Seahawks Insider

Category: Media Issues


“Bogus” indeed: Marshawn Lynch cleared by police of assault allegation; Seahawks time Ricardo Lockette in a kickoff 40 at 3.93 seconds

It started out oddly … and stayed that way.

The assault allegation against Marshawn Lynch that became news Monday morning via an unusual and mostly unsolicited release from the Bellevue Police Department ended Wednesday night. That’s when the Bellevue PD issued a statement ending its investigation and clearing the Seahawks running back of a woman’s allegations he had committed assault and personal-property damage.

“He was not involved in this incident in any way,” the Bellevue PD’s statement read.

So that’s that.

The statement did note the investigation remains open and ongoing. But it no longer will involve Lynch or the Seahawks.

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Questionable questions at media day

A sampling of questions asked at Tuesday’s Super Bowl media day:

“Who’s your crush?” – a reporter to Seahawks’ Richard Sherman, who responded “Isn’t Beyoncé everybody’s crush?”

“What’s the Roman numeral for 48?” – a Nickelodeon reporter dressed as a superhero to third-string quarterback B.J. Daniels

“Do you own a pet unicorn? Is the Lombardi Trophy filled with chocolate? And have you ever worn sweats to the strip club? – a reporter to center Max Unger

“A guy asked me if he could buy my earrings. I think he was joking.” – Seahawks safety Kam Chancellor

“Somebody asked me what

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Holmgren headed to broadcast booth?

KIRO radio is reporting that Seattle head coach Mike Holmgren may be headed for the broadcast booth.

Holmgren told KIRO Radio Tuesday he’s been talking with NBC about a possible role on playoff games and maybe the Super Bowl.

This would seem like a natural transition for the personable Holmgren — the best coach I’ve seen in handling press conferences and dealing with the media.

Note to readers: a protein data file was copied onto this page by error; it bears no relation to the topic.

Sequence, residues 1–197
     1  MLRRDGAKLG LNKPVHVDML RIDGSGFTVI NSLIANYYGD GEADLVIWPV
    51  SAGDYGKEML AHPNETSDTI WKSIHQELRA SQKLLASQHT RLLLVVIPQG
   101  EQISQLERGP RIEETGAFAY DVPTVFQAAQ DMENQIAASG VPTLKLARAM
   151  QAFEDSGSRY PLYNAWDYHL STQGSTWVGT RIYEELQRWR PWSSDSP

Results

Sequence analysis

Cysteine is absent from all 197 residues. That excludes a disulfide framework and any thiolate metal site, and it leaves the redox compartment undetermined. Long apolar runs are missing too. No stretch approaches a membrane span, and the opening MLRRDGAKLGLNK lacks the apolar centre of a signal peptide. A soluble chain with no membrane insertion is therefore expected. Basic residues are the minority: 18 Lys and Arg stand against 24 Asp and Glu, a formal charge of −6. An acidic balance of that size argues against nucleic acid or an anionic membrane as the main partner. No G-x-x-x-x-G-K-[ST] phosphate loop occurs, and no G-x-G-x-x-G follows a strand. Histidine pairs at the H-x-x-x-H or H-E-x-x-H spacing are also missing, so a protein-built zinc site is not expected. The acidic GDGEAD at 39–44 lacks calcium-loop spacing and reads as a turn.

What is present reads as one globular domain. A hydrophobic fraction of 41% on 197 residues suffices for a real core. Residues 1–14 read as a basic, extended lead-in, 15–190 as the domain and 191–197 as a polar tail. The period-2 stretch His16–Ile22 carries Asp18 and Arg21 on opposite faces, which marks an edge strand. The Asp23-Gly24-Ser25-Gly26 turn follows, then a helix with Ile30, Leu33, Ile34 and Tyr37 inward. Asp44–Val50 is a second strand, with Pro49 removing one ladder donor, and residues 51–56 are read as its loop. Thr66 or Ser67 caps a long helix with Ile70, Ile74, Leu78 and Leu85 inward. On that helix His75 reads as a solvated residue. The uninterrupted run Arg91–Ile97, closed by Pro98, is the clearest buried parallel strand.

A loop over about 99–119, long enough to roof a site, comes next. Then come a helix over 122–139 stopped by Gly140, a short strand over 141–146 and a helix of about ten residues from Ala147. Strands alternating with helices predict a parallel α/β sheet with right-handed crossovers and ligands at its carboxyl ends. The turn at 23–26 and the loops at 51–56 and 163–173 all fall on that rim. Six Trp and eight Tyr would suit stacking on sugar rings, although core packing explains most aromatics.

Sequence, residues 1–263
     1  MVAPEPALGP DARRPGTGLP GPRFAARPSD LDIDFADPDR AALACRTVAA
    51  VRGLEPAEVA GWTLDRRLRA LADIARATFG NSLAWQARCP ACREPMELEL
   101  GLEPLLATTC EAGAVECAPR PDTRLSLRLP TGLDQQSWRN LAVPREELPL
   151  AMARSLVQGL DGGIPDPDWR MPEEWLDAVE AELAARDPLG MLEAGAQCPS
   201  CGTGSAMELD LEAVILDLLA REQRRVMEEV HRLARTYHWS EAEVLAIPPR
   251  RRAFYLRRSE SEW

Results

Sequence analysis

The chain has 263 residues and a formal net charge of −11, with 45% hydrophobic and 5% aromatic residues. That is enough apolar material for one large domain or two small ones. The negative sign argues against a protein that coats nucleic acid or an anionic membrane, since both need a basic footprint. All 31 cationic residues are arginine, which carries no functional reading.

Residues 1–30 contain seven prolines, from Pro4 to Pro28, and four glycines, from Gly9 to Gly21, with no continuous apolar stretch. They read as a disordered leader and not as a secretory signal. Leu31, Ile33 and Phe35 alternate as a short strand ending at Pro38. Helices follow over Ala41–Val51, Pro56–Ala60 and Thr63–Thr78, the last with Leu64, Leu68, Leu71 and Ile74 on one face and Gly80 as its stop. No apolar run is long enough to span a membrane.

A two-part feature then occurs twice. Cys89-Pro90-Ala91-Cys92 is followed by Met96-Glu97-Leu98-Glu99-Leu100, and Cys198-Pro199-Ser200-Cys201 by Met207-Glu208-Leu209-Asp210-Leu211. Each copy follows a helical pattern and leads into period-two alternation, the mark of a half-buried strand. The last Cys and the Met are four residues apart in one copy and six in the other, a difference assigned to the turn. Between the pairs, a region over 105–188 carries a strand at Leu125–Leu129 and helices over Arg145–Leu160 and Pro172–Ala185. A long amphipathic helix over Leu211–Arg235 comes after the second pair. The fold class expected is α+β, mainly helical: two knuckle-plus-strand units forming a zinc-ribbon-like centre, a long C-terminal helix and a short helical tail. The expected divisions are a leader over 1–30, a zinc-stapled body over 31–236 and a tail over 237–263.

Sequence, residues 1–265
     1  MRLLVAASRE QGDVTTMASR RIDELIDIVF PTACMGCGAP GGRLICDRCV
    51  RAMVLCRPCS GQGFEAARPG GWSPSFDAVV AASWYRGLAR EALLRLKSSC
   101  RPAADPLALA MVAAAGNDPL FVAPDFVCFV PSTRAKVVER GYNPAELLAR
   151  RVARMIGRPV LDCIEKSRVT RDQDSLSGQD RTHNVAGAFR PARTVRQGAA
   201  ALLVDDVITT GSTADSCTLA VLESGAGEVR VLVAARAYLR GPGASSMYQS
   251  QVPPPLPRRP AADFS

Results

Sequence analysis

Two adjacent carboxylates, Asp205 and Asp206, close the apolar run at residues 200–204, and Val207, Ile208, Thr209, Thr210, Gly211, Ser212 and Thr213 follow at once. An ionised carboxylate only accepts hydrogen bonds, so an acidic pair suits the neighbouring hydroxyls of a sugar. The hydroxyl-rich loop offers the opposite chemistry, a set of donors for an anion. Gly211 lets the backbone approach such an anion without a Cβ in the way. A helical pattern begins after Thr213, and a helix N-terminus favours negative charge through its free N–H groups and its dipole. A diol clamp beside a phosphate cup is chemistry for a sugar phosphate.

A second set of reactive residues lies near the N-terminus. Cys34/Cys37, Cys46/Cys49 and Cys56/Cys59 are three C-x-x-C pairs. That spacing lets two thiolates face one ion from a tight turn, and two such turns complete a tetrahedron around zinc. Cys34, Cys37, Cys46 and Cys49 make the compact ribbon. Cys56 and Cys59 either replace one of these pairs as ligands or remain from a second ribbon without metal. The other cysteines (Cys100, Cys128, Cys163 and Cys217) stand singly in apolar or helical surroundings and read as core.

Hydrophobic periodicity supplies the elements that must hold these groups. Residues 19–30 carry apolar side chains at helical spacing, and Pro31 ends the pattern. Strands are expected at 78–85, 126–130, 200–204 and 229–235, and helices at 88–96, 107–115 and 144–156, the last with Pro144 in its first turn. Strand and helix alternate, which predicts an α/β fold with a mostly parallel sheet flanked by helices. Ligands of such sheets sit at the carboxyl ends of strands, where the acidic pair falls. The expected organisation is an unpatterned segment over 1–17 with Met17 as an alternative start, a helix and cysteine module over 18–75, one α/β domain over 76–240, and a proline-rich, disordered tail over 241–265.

Listen to Holmgren’s conversation here.


Revisiting NFL Network

If someone knows of a positive review for Bryant Gumbel as NFL Network play-by-play man, please pass it along. I haven’t seen one, and not until recently have I had a chance to listen to him call a full game. Most play-by-play guys who reach this level have followed the game closely since they were kids. Or at least it seems that way. One gets the feeling Gumbel hasn’t followed football much, and that he wouldn’t be interested in watching these games without someone paying him to do so. It’s a remarkable thing.

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This just in: NFL rips itself

An NFL team is ripping an NFL reporter. Adam Schefter, formerly of the Denver Post, has been with NFL Network for the last few years. He reported today that the Raiders are expected to fire coach Art Shell after the season.

The Raiders responded with the following statement: “Adam Schefter has always been a false rumor mongerer with respect to the Raiders and anti-Raider based upon his relationship with Denver and Mike Shanahan. No decisions have been made relative to the 2007 Oakland Raiders nor will they be made for some time. Adam Schefter could not have

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NFL Network, cable providers duke it out

The gloves are off. The NFL Network and cable providers are battling it out, with no end in sight. At issue: How the league makes available games over its 3-year-old network. In recent days I’ve spoken to people on both sides, from NFL Network chief operating officer Kim Williams to cable providers in the Seattle-Tacoma area.

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The NFL covers itself

I watch NFL Network. Some of the programming is appealing. Nowhere else will you find direct access to press conferences around the league. Mike Pereira’s segment on officiating can be interesting when Rich Eisen pauses to let the league’s officiating director talk. One of my concerns, however, is that the league will grow its media machine at the expense of access for independent reporters. With that in mind, I spoke with media ethicist Bob Steele about various related issues. A transcript of that interview follows.

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Do you get NFL Network?

One of my stories for tomorrow focuses on the NFL Network, which is showing live regular-season games for the first time. The Seahawks-49ers game Thursday night is the fourth of eight such late-season games scheduled for Thursdays and Saturdays down the stretch.

NFL Network is presently in about 41 million homes. For reference, consider that ESPN is reportedly in about 95 million homes. NFL Network is still getting started, of course, and that 41 million figure is growing. But for now, millions of fans do not have access to games previously available to a wider audience.

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